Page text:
But what are we then if we have the constant obligation to make ourselves what we are, if our mode of being is having the obligation to be what we are? (386)

Sartre builds an obnoxiously robust case against humanity for its pervasive “bad faith,” a delicious doublethink meal that our minds keep feasting on (one which we must forget we consume, and then forget that we made the choice to forget, and then forget . . . wait, what happened?).

His accusation is that we invariably deny our existential authenticity (that we are “condemned to be free”) in favor of the ease and comfort of the everyday illusions that sustain our blissful play-acting and, as a result, we miss out on the “total involvement” that would bring us directly and irrevocably into meaningful existence (as we get to define it, should we take on the responsibility). To Sartre, “man is nothing else than a series of undertakings, . . . the sum, the organization, the ensemble of the relationships which make up these undertakings” (356). A fairly amusing categorical tone, given that he will complicate what man “is” by also suggesting that man is what he is not, or is what he is becoming (in that he is always transcending what he is), or is what he is not yet . . . .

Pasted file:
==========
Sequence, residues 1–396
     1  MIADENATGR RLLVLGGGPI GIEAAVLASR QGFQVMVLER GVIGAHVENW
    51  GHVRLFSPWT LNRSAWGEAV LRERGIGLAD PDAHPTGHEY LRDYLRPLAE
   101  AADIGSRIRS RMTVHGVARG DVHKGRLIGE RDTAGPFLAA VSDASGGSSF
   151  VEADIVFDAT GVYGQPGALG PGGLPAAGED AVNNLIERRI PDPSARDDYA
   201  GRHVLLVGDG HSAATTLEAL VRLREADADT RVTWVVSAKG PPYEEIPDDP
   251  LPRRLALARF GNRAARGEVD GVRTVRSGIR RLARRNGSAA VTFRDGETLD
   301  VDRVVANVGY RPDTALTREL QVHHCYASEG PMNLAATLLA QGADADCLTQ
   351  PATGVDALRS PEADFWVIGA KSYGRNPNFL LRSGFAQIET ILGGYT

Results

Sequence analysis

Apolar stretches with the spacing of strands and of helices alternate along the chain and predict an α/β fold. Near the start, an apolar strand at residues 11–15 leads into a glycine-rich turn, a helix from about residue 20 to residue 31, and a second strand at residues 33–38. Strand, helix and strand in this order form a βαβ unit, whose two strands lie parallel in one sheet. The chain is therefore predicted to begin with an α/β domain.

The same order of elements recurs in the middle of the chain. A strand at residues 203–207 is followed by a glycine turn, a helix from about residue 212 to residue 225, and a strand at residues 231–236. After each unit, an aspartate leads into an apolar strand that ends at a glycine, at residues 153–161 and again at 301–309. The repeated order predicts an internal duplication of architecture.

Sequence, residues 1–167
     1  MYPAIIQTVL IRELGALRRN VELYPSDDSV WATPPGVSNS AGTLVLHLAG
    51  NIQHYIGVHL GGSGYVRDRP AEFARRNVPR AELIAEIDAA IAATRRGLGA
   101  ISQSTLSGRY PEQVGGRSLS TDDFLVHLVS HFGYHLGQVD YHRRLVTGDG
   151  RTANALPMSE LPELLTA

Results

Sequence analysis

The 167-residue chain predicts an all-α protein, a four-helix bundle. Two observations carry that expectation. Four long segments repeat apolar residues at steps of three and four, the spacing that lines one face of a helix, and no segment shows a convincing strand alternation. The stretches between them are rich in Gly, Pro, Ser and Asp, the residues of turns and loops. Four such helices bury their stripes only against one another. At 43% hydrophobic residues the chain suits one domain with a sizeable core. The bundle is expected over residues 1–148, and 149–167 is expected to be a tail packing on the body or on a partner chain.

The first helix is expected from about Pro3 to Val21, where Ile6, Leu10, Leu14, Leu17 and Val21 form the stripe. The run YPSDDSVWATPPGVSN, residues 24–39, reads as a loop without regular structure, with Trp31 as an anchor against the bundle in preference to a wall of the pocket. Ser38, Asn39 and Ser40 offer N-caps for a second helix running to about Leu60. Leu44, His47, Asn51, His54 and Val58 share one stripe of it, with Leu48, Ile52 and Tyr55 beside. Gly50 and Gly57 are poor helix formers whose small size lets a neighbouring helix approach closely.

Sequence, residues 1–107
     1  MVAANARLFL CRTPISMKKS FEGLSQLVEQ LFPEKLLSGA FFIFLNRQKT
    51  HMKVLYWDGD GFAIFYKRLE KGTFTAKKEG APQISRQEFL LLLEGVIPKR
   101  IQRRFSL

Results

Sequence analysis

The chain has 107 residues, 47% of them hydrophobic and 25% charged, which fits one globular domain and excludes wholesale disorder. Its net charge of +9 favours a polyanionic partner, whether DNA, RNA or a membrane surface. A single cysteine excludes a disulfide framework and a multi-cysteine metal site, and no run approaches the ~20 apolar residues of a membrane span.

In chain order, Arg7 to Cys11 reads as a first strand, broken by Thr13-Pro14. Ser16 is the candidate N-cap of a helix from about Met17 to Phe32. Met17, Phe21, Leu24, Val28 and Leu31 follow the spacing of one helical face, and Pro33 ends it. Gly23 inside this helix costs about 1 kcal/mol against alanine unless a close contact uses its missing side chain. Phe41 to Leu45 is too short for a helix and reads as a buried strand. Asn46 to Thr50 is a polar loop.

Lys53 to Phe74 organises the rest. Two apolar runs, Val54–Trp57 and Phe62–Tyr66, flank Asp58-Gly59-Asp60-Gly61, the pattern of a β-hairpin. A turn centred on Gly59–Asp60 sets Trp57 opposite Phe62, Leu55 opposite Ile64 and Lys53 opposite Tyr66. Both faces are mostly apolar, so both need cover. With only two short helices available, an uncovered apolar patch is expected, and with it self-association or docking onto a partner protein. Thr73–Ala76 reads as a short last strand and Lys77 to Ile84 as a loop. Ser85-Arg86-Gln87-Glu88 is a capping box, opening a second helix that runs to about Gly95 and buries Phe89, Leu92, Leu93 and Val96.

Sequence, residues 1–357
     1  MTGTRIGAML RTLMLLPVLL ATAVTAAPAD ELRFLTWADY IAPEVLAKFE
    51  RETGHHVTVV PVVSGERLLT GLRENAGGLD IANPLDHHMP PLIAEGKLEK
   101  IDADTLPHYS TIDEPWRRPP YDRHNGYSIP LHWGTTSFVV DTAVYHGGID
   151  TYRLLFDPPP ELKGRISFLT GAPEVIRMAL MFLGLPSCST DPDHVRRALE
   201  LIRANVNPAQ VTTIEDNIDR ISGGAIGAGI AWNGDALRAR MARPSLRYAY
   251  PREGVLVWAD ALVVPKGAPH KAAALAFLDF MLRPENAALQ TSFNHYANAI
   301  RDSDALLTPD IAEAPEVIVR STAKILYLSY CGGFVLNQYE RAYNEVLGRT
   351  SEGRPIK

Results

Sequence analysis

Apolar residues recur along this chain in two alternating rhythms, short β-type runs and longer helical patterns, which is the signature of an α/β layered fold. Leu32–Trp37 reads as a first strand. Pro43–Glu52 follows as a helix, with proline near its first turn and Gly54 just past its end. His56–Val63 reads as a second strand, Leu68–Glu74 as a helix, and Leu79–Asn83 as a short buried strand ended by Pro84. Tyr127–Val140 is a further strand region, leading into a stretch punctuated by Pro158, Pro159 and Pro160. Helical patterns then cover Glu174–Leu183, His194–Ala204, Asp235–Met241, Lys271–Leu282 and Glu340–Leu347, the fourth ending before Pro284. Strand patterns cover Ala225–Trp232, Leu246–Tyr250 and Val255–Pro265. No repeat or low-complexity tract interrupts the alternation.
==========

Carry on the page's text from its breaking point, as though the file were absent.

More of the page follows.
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Jan 312014